Quick facts

  • The $7.8 million in MPRI funding will be allocated to the following 10 projects focused on improving our knowledge of how oil behaves in different environments and improve response protocols:

    ·       $257,044 to the University of British Columbia to refine and apply, a whole-of-ecosystem model (Atlantis model) to predict possible long-term ecosystem effects of oil spills and other ecological stressors in the Salish Sea under various environmental and spill conditions.

    ·       $350,000 toLGM Canada Corporation to improve the efficiency of mechanical oil recovery by developing new oil spill–boom technologies.

    ·       $400,000 to the Heiltsuk Tribal Council to advance our understanding of the biological effects of different types of oil on marine species that are of economic, ecological and cultural importance.

    ·       $599,956 to the University of Western Ontario to develop an environmentally friendly and cost-effective smoke suppression system for in-situ burning in Canadian freshwater environments. This system will be a potential response option for cleaning up oil spills in Canada’s freshwater environments.

    ·       $645,747 to the Huntsman Marine Science Centre to use cutting edge methods to predict and confirm the toxicity of oil to various aquatic species in cold-water areas of Canada and Norway.

    ·       $646,758 to Lake Superior State University to conduct research on the fate, behaviour, and transport of oil in freshwater ecosystems, with a particular focus on diluted bitumen.

    ·       $833,500 to the University of Northern British Columbia to develop and evaluate next-generation decanting technologies for on-site oil/water separation and disposal related to freshwater and marine oil spill response.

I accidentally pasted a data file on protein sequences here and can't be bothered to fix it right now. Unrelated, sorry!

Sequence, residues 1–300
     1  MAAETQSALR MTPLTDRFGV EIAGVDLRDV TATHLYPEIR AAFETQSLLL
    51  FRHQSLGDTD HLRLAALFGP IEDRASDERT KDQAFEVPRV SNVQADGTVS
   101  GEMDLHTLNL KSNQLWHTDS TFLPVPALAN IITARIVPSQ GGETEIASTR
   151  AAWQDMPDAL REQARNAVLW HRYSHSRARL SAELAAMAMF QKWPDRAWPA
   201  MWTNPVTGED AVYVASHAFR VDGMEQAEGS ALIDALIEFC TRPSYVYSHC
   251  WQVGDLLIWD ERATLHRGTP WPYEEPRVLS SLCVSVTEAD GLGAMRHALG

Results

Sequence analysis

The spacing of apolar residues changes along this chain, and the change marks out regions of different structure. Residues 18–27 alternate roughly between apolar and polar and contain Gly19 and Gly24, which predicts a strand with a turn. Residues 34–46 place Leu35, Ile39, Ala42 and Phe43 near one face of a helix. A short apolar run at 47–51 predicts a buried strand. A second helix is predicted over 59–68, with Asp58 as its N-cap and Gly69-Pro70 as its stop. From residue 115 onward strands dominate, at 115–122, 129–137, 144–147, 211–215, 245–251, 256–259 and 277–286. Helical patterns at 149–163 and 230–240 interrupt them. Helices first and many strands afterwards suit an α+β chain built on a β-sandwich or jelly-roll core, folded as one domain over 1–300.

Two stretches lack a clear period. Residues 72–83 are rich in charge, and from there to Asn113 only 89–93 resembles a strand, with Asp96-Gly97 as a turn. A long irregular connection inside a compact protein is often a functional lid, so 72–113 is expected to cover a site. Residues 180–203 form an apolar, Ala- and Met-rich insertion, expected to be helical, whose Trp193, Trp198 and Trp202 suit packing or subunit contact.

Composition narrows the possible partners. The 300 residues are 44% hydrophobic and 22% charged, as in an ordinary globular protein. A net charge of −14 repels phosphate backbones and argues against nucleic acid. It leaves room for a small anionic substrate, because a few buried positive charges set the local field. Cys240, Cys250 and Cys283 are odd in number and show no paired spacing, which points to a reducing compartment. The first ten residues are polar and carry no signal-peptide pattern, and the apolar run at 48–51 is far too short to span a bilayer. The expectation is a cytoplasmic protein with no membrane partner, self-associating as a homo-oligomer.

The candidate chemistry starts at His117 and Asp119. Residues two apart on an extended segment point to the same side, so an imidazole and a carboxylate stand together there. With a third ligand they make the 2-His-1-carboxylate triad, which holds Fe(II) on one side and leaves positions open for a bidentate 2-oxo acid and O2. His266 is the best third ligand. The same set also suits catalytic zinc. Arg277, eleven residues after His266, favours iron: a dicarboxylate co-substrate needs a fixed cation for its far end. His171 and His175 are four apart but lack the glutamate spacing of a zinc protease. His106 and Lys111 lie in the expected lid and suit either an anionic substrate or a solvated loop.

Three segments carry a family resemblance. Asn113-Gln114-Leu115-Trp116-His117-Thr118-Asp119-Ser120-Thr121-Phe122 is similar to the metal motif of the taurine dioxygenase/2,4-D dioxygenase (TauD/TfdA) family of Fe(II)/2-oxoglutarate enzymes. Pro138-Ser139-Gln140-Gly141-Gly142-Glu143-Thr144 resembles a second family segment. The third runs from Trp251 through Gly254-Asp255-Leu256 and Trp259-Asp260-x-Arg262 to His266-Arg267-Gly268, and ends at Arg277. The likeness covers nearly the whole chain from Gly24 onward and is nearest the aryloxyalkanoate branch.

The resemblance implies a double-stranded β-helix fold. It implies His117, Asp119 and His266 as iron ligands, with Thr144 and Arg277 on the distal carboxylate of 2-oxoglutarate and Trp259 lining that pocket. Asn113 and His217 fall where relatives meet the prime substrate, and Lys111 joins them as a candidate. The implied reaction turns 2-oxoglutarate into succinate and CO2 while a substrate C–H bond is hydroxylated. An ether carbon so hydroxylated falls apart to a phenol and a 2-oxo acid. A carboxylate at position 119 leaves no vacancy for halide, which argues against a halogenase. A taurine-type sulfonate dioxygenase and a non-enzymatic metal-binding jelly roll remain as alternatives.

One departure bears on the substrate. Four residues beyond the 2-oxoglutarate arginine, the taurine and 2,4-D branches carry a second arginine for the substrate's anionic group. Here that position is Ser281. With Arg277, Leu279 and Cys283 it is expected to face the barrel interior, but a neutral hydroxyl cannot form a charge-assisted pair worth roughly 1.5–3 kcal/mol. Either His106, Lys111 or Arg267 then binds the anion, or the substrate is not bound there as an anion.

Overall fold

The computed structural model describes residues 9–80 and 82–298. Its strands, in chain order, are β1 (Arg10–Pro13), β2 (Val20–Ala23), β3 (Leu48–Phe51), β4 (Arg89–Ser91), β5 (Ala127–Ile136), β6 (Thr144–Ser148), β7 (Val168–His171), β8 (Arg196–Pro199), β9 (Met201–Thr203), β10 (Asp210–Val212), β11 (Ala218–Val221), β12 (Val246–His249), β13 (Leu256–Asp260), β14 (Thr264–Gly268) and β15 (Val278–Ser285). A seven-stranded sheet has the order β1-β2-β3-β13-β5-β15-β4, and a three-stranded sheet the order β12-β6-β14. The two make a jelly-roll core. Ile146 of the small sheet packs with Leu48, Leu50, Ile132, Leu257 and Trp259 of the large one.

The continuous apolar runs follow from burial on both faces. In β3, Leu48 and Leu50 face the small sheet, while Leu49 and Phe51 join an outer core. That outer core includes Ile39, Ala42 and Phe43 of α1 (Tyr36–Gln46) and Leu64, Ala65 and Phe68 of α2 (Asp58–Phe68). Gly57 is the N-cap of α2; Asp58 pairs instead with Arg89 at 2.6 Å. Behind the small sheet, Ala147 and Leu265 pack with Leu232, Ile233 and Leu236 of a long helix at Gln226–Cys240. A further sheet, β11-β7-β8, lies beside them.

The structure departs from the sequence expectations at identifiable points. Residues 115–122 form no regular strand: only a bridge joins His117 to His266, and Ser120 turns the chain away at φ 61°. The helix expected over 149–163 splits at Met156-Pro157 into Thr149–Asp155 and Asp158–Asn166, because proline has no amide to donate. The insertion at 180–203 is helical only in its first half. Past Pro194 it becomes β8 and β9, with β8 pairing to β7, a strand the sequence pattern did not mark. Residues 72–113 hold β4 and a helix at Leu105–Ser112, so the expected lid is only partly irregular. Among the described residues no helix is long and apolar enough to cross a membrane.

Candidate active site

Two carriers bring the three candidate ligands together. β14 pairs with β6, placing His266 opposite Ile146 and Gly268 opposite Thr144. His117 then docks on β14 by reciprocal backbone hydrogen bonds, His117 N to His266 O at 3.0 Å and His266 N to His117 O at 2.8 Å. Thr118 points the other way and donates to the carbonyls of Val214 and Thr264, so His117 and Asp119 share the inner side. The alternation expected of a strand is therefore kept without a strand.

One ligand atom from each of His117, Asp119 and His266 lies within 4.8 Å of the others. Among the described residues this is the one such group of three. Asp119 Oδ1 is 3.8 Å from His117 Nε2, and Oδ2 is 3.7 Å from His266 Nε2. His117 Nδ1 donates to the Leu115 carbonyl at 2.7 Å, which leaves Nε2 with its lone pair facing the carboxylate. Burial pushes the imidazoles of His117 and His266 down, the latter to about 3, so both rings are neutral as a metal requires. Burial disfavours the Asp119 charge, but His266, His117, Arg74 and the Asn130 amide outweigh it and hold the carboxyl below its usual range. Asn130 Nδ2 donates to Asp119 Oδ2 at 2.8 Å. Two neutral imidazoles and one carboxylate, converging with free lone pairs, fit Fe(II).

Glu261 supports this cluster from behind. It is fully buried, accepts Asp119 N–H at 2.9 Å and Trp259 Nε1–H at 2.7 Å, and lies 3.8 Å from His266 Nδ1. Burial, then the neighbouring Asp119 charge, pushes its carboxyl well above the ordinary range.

·       $903,375 to theInternational Institute for Sustainable Development Experimental Lakes Area (IISD-ELA) to develop and apply a web-based GIS database decision support tool, community-specific response plans, and job aids. These tools will help provide science-based, location-specific information on the viability of shoreline oil spill countermeasures on Canada’s marine and Great Lakes shorelines.

    ·       $1,466,695 to Lake Superior State University to focus on developing and evaluating oil spill detection and monitoring technologies for freshwater and ice environments. This includes a revolutionary integrated drone and long-range autonomous underwater vehicle system, as well as low-cost in-situ oil detection systems for rapid response efforts.

    ·       $1,756,000 to Lake Superior State University to further study the ecological effects of oil spills and bioremediation in cold-climate ecosystems, focusing on the impact on coastal wetlands and nearby areas of the Laurentian Great Lakes.

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Natural Resources Canada
Media Relations

Carolyn Svonkin
Press Secretary
Office of the Minister of Energy and Natural Resources